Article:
By July 2, 2016 Read More →

For Hardy County residents, helping flood victims is very personal

From the Moorefield Examiner:
We’re so proud of you.
On Thursday, June 23, some 44 counties throughout West Virginia were hit by some of the worst floods in decades and many were declared disaster areas.
The worst flooding took place in Kanawha, Greenbrier, Nicholas, Fayette, Clay, Roane, Summers, and Monroe counties.  Rock slides and roaring waters took out homes, roads, bridges and severely damaged businesses and schools.
Hardy County has been there.  We faced that kind of disaster and we survived as did the 29 counties hit by the Flood of 1985.  We stood in flood mud, searching for lost treasured pictures and heirlooms, lost family members, lost livestock, lost farmland, lost homes and businesses and wondered how on earth we would ever come back from the devastation.  
But we did.  
Some of the losses were never replaced and are mourned today, 30 years later.  But businesses were rebuilt along with homes.  Schools were cleaned and reopened for students.  Bridges were rebuilt and repaired as were roads and railroads.
Those of you old enough don’t need to be reminded of the things that happened to Hardy County in ’85 and to the people who lived here.   Nor do you need to be told how difficult it was.  You know.  You also know how important it was when total strangers brought food and supplies, helped clean our houses and business, helped to repair and rewire and paint and do whatever was needed.
Which brings us to now.  Hardy County got a pass on this year’s flood,  but that didn’t stop residents from immediately wanting to help those not so lucky.
What you may not know is that when a social media call went out for help the day after the recent flooding happened, residents and businesses from all over the county responded.
You brought food and clothing and books for children.  You brought water and first aid products and diapers and sanitary products and cleaning products.
And thanks to South Branch Animal Hospital for remembering the four-legged victims. You gave money and you did it without anyone twisting arms or even having to ask a second time.  The response was immediate and overwhelming and it kept coming.
 
Two days after the flood waters devastated parts of West Virginia, Hardy County sent six utility trailers and three pick-ups filled with materials badly needed and $3,500 in cash.   Read that again . . . six utility trailer loads! 
Think about it.  Within 48 hours this rural county stepped up and responded to a need we had suffered ourselves and knew only too well what to send and what would be most helpful.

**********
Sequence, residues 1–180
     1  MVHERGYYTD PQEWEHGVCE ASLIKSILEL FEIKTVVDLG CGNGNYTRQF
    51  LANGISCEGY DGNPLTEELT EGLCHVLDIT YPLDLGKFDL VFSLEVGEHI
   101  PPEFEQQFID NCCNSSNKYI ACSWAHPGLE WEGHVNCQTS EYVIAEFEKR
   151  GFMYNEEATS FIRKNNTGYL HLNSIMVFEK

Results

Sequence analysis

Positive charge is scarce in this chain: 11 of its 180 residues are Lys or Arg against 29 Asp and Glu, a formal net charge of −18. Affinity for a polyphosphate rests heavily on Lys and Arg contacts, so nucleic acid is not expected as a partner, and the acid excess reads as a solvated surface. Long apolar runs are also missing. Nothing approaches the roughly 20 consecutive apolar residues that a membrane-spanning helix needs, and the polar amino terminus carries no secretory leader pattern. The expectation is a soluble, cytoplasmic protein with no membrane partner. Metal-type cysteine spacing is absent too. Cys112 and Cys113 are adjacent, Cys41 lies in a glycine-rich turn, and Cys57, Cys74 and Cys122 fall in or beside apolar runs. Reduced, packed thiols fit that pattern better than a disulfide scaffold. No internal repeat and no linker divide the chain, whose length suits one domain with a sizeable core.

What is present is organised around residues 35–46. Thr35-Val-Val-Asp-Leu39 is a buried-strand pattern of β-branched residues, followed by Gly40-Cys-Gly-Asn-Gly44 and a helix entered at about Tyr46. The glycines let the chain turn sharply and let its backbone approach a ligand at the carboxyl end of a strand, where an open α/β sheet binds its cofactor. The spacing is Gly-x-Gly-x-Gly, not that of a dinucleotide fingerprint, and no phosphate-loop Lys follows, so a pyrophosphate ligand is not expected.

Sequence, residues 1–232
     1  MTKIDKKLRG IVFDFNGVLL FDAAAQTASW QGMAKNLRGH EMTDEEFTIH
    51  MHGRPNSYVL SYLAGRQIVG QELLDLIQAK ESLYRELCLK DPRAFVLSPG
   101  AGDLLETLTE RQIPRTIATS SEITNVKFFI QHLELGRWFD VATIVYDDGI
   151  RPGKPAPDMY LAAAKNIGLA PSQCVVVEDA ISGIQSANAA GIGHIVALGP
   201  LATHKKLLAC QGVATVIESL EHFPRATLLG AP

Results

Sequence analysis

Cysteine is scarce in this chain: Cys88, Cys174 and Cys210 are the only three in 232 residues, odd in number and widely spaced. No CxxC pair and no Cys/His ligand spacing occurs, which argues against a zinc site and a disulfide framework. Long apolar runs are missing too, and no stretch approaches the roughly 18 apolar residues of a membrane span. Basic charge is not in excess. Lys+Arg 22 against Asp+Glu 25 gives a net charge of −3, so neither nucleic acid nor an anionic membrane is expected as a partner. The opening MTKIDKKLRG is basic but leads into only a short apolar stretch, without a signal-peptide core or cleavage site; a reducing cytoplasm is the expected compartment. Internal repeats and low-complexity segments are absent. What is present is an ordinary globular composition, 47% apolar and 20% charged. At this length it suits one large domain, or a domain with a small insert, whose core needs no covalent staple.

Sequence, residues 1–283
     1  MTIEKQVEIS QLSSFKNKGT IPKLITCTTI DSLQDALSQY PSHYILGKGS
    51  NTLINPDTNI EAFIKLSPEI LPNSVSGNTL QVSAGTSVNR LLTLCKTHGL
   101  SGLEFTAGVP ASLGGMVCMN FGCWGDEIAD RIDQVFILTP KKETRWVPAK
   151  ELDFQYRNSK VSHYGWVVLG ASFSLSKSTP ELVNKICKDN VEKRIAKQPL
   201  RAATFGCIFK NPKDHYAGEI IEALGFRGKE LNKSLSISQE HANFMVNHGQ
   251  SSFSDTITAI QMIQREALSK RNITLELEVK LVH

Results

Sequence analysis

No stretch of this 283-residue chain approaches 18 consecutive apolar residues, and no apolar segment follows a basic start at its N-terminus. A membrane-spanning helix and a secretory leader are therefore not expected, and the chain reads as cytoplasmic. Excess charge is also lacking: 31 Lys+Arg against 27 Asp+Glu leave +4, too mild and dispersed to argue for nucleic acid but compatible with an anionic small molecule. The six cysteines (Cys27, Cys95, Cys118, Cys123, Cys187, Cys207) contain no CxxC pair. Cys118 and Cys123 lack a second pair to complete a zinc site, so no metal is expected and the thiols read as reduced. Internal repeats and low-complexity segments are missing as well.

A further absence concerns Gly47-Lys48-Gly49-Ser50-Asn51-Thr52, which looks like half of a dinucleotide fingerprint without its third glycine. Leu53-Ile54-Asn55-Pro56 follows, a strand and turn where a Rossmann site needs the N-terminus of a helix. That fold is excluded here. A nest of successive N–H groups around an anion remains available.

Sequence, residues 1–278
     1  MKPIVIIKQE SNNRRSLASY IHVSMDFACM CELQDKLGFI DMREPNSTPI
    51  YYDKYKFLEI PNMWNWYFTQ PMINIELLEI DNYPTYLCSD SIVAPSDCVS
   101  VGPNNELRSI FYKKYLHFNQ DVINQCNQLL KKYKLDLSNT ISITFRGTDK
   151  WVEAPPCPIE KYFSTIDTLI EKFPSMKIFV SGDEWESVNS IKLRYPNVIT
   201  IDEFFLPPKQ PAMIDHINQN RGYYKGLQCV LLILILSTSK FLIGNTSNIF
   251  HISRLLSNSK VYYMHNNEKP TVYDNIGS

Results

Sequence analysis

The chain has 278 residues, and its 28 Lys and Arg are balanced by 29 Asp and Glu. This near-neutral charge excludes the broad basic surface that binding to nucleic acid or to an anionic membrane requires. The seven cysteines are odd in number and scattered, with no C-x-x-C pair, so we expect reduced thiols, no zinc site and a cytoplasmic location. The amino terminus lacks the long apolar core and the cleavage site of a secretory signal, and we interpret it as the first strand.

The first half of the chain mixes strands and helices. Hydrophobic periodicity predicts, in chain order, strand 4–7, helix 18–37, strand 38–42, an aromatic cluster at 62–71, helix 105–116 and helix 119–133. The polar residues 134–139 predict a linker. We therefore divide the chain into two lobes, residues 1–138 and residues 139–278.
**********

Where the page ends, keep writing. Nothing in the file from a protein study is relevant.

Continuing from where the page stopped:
There was a column written for the Press Association last week which asked when would the flood recovery end?  The response was when the elderly women stop crying.
 
For our flooded friends in West Virginia we might add to that.  The flood recovery won’t end until a rain storm doesn’t make you afraid.  It won’t end until you can’t smell flood mud when you step into your yard.  It won’t end until there are no more corners of flood mud  which show up unexpectedly when you clean and when the house dries out.  It won’t end until the children stop having nightmares and sports events are back on the home field or court.  It won’t end until precious toys are found.
The flood recovery won’t end until rivers are back in their banks and the river banks are repaired.  It won’t end until cattle are once again grazing the fields and the crops are safe to eat.
And it won’t end until both the elderly and the young stop tearing up when talking about the flood or being reminded of it.  That’s when the flood recovery will end.  In other words, there are some things about flood recovery that never end.
We thank Carol and Robert Zuber for starting the ball rolling.  We thank all of you who answered the call.  We thank the businesses and individuals who gave so generously.  We thank the people across Hardy County who brought the needed supplies, money and manpower to get the job done.  
Plus we want you to know that we are truly proud of the response from Hardy County.  Carol said, she was paying back for the kindness and help she and her family received in 1985, but it turned into paying it forward.
Carol also said it was a team effort with help from local firemen, emergency organizations, the Believer’s  Victory Center, many individuals and businesses, and more. After this first rapid response there were immediately more disaster collections at the Moorefield Church of the Brethren, A&A Express Mart, Energy Express and some we don’t know about. 
This is Hardy County at its best. 

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